USS Nevada (BB-36) Areas With Asbestos Exposure

The USS Nevada (BB-36) was a Nevada-class battleship laid down on November 4, 1912, and launched two years later on July 11, 1914, with the hull number BB-36. The ship received the name of Nevada, one of the most popular states of America, it was commissioned on March 11, 1916, and carried a complement of 864 men as built, and 2,220 people in the end. Due to its construction period, the vessel was able to participate both in World War I and in World War II. During World War II, the ship took part in the Japanese attack at Pearl Harbor. On August 29, 1946, the vessel was decommissioned after it served in the U.S. Navy for 30 years. For the services brought to the USA during the two world wars, the ship received 7 battle stars and many awards. Inhalation of asbestos fibers is detrimental to human health, already being demonstrated that all forms of asbestos are carcinogenic to humans. When the U.S. Navy first started using asbestos, nobody knew the potential risks that come with exposure. If you are a veteran, it is important to know your risk and get early screenings for conditions like asbestosis, asbestos-related lung cancer, and others that can be associated with exposure to asbestos.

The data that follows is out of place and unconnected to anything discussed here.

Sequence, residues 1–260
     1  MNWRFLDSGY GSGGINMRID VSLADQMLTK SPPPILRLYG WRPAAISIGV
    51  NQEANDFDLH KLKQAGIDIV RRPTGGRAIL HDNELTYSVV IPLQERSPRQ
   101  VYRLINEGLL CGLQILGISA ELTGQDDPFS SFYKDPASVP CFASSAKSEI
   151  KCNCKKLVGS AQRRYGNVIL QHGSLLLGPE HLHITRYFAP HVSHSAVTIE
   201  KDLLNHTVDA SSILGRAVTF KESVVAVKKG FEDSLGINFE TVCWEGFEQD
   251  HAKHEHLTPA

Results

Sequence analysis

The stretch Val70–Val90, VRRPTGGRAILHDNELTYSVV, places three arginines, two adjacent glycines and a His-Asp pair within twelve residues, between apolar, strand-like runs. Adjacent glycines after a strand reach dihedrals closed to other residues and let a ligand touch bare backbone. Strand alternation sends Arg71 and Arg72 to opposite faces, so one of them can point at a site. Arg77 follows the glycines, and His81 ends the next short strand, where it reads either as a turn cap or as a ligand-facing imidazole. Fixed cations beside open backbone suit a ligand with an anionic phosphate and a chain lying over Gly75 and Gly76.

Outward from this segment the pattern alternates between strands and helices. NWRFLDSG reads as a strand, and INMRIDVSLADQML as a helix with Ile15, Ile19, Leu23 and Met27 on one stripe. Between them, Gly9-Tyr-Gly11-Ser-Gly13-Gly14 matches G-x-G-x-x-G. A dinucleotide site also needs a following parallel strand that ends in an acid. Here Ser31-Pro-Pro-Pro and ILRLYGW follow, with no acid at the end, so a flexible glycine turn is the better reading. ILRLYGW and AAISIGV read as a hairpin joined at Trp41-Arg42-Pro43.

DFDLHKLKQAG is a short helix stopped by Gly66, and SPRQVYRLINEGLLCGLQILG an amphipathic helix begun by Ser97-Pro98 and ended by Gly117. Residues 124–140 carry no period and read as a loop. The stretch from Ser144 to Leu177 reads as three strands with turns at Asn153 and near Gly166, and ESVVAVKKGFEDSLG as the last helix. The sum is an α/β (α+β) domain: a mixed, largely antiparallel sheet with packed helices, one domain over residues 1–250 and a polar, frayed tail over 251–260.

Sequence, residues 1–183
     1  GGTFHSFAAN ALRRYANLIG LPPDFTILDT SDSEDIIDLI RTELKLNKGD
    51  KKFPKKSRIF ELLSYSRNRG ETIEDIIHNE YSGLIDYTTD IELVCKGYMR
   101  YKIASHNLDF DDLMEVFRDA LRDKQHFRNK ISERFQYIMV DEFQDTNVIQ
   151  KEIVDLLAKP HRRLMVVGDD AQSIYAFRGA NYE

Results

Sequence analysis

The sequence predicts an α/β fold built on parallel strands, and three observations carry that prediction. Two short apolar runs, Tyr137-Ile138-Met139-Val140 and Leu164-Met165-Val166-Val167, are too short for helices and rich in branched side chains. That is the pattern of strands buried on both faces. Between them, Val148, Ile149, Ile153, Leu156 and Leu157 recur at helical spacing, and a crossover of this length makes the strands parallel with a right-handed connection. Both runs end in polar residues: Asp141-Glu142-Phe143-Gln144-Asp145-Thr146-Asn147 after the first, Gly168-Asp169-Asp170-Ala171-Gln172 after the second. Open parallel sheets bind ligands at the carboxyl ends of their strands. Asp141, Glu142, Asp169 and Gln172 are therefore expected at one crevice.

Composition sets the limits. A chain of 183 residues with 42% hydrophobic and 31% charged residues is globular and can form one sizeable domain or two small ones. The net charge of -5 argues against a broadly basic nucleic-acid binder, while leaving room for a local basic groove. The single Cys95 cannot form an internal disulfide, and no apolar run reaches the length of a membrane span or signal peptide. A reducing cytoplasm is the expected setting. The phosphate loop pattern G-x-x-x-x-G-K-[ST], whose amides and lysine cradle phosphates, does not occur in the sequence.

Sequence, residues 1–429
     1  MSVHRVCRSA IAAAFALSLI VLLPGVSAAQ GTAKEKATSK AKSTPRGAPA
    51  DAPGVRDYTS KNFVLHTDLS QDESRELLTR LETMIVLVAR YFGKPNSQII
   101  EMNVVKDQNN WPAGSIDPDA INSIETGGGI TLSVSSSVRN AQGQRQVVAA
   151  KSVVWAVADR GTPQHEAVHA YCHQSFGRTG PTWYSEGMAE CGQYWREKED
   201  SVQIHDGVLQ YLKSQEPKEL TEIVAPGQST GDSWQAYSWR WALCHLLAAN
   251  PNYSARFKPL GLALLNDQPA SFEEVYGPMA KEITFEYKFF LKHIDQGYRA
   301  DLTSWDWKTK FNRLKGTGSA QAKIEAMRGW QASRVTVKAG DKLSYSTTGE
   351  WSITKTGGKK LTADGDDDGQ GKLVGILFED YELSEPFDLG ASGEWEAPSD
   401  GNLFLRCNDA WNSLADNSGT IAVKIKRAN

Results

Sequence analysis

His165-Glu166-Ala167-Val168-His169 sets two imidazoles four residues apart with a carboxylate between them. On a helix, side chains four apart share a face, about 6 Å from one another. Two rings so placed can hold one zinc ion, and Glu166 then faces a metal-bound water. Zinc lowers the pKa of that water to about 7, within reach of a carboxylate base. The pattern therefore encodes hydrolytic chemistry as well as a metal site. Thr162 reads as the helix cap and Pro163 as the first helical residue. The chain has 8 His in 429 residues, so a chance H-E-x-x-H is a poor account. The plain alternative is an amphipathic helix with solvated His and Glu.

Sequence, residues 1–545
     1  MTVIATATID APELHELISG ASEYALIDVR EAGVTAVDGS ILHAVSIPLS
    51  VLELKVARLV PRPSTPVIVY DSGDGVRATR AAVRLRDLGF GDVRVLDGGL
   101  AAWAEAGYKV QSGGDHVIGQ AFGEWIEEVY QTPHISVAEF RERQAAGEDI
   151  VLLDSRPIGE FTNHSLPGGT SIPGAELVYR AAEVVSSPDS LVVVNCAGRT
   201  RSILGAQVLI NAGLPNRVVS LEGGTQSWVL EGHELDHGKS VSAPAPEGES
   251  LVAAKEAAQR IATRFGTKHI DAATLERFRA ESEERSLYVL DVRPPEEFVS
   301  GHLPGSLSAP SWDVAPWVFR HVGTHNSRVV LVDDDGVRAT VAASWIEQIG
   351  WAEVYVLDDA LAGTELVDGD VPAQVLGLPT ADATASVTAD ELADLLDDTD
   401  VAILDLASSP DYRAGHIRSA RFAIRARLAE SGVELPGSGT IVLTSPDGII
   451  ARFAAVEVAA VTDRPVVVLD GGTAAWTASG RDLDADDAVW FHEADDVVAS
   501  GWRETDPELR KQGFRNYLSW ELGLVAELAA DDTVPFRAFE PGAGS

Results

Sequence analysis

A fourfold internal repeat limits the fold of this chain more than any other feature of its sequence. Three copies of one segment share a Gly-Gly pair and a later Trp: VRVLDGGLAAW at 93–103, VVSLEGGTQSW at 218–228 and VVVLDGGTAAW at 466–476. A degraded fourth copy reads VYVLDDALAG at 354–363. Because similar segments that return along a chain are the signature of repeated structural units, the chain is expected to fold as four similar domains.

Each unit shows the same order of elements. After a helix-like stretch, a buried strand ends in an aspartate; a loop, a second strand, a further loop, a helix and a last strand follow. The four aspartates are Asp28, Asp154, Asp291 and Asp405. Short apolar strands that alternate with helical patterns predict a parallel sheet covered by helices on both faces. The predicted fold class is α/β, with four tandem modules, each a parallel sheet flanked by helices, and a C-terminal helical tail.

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Shipmates on USS Nevada (BB-36)

john robert adair

arthur vincent adams

paul m. adams

arnold leo anderson

victor john bianchi

willard john blakesley

albert george chase

joseph elmer collins

robert lee ghormley

kenneth v. herndon

william b. harvey jr

keith a. henderson

edwin joseph hill

delmar o. martin

robert c. matheny

frederick d. muir jr

william pearson jr

horace roy whittaker